March 22, 2015 (KHARTOUM) – The Sudanese government on Sunday welcomed French investments in the east African country and called on Paris to support its efforts to obtain debt relief from external creditors.
Sudan’s external debt is estimated to be around $46 billion. Khartoum says it has completed technical and economic requirements for debt cancellation but observers assert that it is difficult for Sudan to secure it without Western backing.
The debit relief require the unanimous consent of all 55 countries in the Paris Club, a matter that they see as improbable.
Sudanese state minister for finance and national economy Magdi Hassan Yassin received on Sunday a visiting French delegation headed by the deputy undersecretary for economic affairs.
According to the official news agency (SUNA), the meeting discussed bilateral economic relations, technical cooperation and capacity building programmes between the finance ministries in the two countries.
The state-minister told the meeting that his country achieved a quintet programme aiming to integrate the Sudanese economy into the global economy in the areas of energy and extractive industries, agriculture and livestock as well as to agricultural industrialisation.
“But all the progress achieved by the Sudanese economy was hurt by the illegal boycott,” he said, referring to the US economic sanctions on Sudan which date back to 1997.
Yassin further said his country focuses on the role of the European investments in general and France in particular, and called for France to play a key role in ending US economic sanctions and support the country’s debt cancellation efforts.
In December 2013, the Netherlands said ready to cancel €150 million of Sudan’s debt, provided that Khartoum satisfies the requirements set forth by the International Monetary Fund (IMF) and the World Bank (WB).
Also, the Dutch minister for foreign trade and development cooperation at the time emphasized that “Topics such as peace, security, national unity, rule of law and corruption are also of great importance in a country like Sudan”.
The German government recently pledged to support Sudan’s efforts to get debt relief if the government of president Omer al-Bashir signs peace agreements with rebel groups and achieve democratic reforms.
Berlin supports the efforts of the African Union High-Level Implementation Panel (AUHIP) to end the armed conflicts in Blue Nile, South Kordofan states and Darfur region, and to facilitate a national conference on constitutional reforms.
The Sudanese French joint political consultation committee on Sunday reviewed cooperation between foreign ministries in the two counties besides cooperation in the economic, cultural and political issues of regional and international interest.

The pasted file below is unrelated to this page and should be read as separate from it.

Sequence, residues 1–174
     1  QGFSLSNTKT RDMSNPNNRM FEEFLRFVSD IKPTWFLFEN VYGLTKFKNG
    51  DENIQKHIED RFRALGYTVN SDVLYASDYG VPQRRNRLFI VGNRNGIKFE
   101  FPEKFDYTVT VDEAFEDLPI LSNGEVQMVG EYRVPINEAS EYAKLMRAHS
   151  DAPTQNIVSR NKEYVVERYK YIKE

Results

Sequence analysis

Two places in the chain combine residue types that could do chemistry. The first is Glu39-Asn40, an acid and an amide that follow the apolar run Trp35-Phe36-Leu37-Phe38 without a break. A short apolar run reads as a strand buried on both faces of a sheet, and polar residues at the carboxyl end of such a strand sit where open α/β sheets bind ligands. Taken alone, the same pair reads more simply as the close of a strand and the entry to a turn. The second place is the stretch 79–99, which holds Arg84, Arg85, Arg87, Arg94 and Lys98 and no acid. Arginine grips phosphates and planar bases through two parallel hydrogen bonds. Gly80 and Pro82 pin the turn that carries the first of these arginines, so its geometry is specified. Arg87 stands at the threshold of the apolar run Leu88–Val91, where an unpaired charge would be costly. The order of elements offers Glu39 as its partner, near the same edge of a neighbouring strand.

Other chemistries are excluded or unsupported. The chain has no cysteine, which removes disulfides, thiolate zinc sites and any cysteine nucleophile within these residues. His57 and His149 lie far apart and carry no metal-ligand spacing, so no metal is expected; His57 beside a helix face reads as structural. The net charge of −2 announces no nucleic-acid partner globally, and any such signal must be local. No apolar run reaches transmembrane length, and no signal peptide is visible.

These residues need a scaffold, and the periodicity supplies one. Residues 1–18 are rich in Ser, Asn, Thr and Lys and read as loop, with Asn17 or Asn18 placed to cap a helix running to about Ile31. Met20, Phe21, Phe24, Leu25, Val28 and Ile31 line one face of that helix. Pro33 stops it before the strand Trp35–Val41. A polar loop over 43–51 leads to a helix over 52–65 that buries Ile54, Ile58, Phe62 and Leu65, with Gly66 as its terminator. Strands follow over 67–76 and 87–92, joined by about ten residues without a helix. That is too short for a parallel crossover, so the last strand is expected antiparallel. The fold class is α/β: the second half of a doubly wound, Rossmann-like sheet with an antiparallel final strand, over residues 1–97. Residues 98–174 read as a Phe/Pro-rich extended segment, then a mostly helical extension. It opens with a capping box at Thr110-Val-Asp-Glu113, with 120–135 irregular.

Dafallah al-Hag Ali, director of bilateral and regional relations department in Sudan’s foreign ministry headed the Sudanese side in the meeting while the French side was headed by deputy director general of economic affairs at the French foreign ministry.
Sudan’s foreign ministry said in a press statement the meeting discussed issues of bilateral interest including political and economic issues, stressing importance of the works of the committee which is set to meet in Paris in 2016.
According to the statement, Sudan briefed the French side on the recent political developments in the country and the preparations for holding the general and presidential elections in April, saying it is a constitutional process that must be met.
The French side, for its part, focused on the issue of terrorism and particularly the situation in the Central African Republic (CAR), Chad and Niger, pointing to the infiltration of the Nigerian Boko Haram group to those countries.
The statement further said the two sides have identical views on Yemen and Libya and the need to resort to dialogue as the sole means for resolving the Libyan crisis, calling for the formation of a national unity government to lead the country during a transitional period.
The foreign ministry said the Sudanese side emphasised the need for resuming France’s technical assistance to Sudan.
They also discussed the current cooperation between Sudan and France particularly in the scientific and archaeological fields, mentioning that five French archaeological expeditions are currently working Sudan.
The French side said the Louvre will host an exhibition on the Napata civilization in 2018.